COMMODITIES-Natgas soars 10 pct on Arctic freeze, U.S. oil eases

Fri Jan 24, 2014 3:53pm EST

Related Topics

* Natgas hits highest since Feb 2010 on U.S. cold snap
    * Gold up, posts five-week winning streak as S&P tumbles
    * U.S. crude futures ease
    * Coming up: U.S. new home sales Monday

    By Frank Tang
    NEW YORK, Jan 24 (Reuters) - Natural gas prices surged 10
percent on Friday, hitting their highest level in nearly four
years as cold temperatures in the United States continued to
boost demand, while U.S. crude futures fell on weak Chinese
economic data and Wall Street's decline.
    The rally in natural gas and a small gain in gold - which
posted a fifth consecutive weekly gain - lifted commodities as a
whole. The Thomson Reuters/Core Commodity Index, a
benchmark for global commodities made up of 19 components, rose
about 0.5 percent.
    Brutally cold weather hovering over the eastern United
States pushed front-month natural gas futures prices to their
highest point since February 2010.
    That cold has increased the demand for natural gas to heat
homes and businesses, surprising the market despite expectations
early in the season for some below-normal cold.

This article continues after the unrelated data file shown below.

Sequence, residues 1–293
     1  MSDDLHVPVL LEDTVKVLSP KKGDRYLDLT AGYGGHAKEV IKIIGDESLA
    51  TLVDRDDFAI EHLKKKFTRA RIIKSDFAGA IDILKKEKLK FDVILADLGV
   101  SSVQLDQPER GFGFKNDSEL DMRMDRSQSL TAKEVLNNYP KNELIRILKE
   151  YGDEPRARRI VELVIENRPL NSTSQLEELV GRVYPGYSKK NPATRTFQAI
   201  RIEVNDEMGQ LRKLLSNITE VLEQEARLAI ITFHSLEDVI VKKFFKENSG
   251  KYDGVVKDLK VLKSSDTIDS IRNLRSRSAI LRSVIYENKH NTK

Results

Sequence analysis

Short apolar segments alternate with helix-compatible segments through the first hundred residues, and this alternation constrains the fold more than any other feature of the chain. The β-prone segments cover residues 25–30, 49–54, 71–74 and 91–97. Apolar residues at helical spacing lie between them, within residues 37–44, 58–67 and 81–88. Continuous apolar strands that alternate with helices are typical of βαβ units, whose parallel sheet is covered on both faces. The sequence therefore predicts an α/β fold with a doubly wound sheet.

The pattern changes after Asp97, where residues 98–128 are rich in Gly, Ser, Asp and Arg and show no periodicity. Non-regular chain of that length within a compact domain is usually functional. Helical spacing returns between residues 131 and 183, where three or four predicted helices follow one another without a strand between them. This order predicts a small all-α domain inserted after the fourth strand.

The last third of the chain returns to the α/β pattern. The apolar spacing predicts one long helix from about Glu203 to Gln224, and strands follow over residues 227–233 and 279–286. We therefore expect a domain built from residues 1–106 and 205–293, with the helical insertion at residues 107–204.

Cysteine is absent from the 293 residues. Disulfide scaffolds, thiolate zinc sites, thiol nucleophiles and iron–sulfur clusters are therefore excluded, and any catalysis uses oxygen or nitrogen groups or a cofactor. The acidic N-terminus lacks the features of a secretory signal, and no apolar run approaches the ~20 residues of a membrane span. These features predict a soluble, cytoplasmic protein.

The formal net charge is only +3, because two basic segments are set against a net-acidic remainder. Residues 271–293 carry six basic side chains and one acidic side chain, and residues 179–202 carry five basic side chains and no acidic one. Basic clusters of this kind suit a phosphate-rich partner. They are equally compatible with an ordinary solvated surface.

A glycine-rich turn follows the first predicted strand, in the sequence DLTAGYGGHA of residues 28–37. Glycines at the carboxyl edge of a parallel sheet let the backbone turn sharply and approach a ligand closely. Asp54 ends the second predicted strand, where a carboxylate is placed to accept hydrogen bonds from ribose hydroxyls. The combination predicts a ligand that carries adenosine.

"This winter looked to be slightly colder than normal, but
no one was really screaming for this kind of cold weather," said
Aaron Calder, a market analyst at Gelber & Associates.
    February natural gas futures on the New York Mercantile
Exchange settled up 45.2 cents, or 9.6 percent, at
$5.182.
    U.S. equities dropped on Friday following a selloff in
emerging market assets and on growth concerns in China and
expectations that the Federal Reserve will further cut stimulus,
with the S&P 500 index down almost 2 percent for its worst
one-day drop since November 2012. 
    European Brent crude climbed, while U.S. crude oil futures
 settled down 68 cents at $96.64 per barrel. 
    
    GOLD POSTS FIVE-WEEK RISE
    Spot gold rose to a two-month high on Friday, notching its
fifth consecutive weekly gain as a global flight from
emerging-market assets and declines in equities increased
bullion's safe-haven appeal. 
    Among industrial metals, copper fell to its lowest in a
month and struck its biggest weekly fall since mid-November as
slowing growth in China's factories fueled worries about demand
in the world's top metals consumer. 
    In agricultural commodities, wheat futures slid more than 1
percent in a profit-taking setback following the steepest rally
in three months the previous session on worries that a cold snap
in the Midwest and Plains could damage the dormant winter crop.
 
    Raw and white sugar futures firmed after nearing multiyear
lows, while cocoa pared gains after tapping one-month highs
following Thursday's rally. 

 (Editing by Meredith Mazzilli)
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